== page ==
Two for one post on Saved Groups!

This blog post is a Bonus post because I am hoping to provide two benefits from one blog post:

  1. Teach you about a really helpful but somewhat obscure TNT feature
  2. Show you how to do a commonly-asked question

First, the question (from my reader survey in December): How do I compare the membership in two Saved Groups?

This question has two answers; I’ll share the simple answer first. The complex answer further down introduces what may be a new feature for you.

For the purpose of this post, I am using an example from a major fundraising event our ToonTown Ministry holds each year. Every spring we host an annual donut baking gala event with some of the country’s best donut bakery chefs; our current and potential donors love to toss the flour around with these well-known celebrities. It’s a huge hit, trust me. While we log each partner’s attendance in the history, for my own sake as an operations person I also keep everyone in a Saved Group for each year we’ve held the event:


Compare using the Groups View itself (simple)

  1. Select a group (such as 2018)
  2. Compare To a Saved Group. Note: “Compare to” is the centre column even though it is not labeled as such. 

The members of that group appear on the right. Gray italic means the contact is in both groups. So there are four partners who attended last year but are not coming this year:


Now the more powerful and more complex way (new feature alert!):

Export Group Membership as a Contact Field

TntConnect 3.2 introduced the wonderful ability to make any Saved Group also be an exportable contact field in the Group Actions | Export Current Group list.

Note: Making a group into an exportable contact field can only be done when the new group is created. An existing saved group cannot be made into a contact field.

Here is adding a New Group:


TNT alerts me that a saved group is a Contact Field by highlighting the saved group in the list.

Now I can go to my Contacts View and export whatever I want, but for the sake of ease I’ll just export Everyone:


Then in Excel I can see all of the exported contacts AND whether they attended the 2017 and 2018 donut gala event:


As you can see, among others, Dopey Dwarf attended 2017 but not 2018, while the Lions were the reverse. And some contacts attended neither.

This is super helpful for so many ways. For example, I can easily use Excel’s Count feature to get numbers that attended each year. Or I can use Mail Merge to export names or attendance.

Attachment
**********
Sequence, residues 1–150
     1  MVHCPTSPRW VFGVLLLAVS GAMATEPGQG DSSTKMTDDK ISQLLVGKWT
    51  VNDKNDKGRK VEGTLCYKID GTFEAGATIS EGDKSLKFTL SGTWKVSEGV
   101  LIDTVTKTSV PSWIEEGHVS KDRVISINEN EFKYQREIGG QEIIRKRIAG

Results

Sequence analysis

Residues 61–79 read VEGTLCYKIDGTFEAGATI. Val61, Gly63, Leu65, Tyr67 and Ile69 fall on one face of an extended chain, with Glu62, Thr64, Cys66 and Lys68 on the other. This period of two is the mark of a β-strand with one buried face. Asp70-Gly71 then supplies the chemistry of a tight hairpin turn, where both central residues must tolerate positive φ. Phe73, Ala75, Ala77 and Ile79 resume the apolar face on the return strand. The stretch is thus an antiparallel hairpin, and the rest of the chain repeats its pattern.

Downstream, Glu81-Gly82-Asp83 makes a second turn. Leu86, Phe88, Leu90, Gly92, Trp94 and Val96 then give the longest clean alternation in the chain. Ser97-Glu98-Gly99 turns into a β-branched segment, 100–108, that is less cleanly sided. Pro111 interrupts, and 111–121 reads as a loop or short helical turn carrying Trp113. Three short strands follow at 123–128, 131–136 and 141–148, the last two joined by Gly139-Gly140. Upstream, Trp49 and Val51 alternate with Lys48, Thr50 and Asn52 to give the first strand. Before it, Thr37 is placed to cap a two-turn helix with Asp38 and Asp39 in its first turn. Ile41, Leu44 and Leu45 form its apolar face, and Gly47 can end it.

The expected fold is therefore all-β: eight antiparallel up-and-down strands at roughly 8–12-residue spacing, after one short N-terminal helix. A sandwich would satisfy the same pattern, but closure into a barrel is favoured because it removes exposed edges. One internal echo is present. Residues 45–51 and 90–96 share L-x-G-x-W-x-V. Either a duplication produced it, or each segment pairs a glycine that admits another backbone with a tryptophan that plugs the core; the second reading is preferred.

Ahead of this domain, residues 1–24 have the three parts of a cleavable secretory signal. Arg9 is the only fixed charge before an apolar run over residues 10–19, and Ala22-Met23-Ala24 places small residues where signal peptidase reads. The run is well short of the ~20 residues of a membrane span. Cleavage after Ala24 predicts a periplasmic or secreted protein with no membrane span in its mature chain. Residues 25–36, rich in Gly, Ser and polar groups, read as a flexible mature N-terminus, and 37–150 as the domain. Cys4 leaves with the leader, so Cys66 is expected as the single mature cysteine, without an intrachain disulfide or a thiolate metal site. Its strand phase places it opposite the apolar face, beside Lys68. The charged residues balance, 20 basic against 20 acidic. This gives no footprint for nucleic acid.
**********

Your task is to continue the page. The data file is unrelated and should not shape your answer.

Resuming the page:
Now, lest you think this is just some hypothetical example, I assure you it’s not. Although the question came from a reader response to my survey, this is actually something I do myself regularly.

My team does in fact host a major donor fundraising event every year, and I am frequently asked about how many people attend, how many have attended more than one, etc. Every year for the past five years I have logged in TntConnect who has attended, either as a Guest (Partner or Potential Partner), a Speaker, or a Staff Member (working the event).

The groups are exclusive within each year—a speaker cannot also be a registered guest (although speakers and staff members are often donors at the event as well, they are not the target audience).

In the screenshot below you can see all of my saved groups for the past six years. Only the Guest groups are exportable contact fields


Finally, again let me reiterate that every person attending the event also has their attendance logged in the history. That history entry is an important part of their individual relationship to our fund development team. The saved groups are for my management of the lists.

Blog post 1152, originally posted 2018-08-06.

Ask No Ask

  • “There’s an exception to every rule.”
  • “In a multiple choice test, ‘always’ or ‘never’ are absolutes and are rarely the correct answer.”
  • “We should always challenge everyone on our partnership team when doing a Special Ask Appeal.”

In my early years in ministry I used to spend a lot more time fretting about who to ask (for special gifts), what to ask for, how to word the ask, and when to ask. After reading excellent support raising books like Funding Your Ministry (Scott Morton) and The God Ask (Steve Shadrach), and The 7 Deadly Diseases of Ministry Marketing (Brendel), my view on asking for support broadened.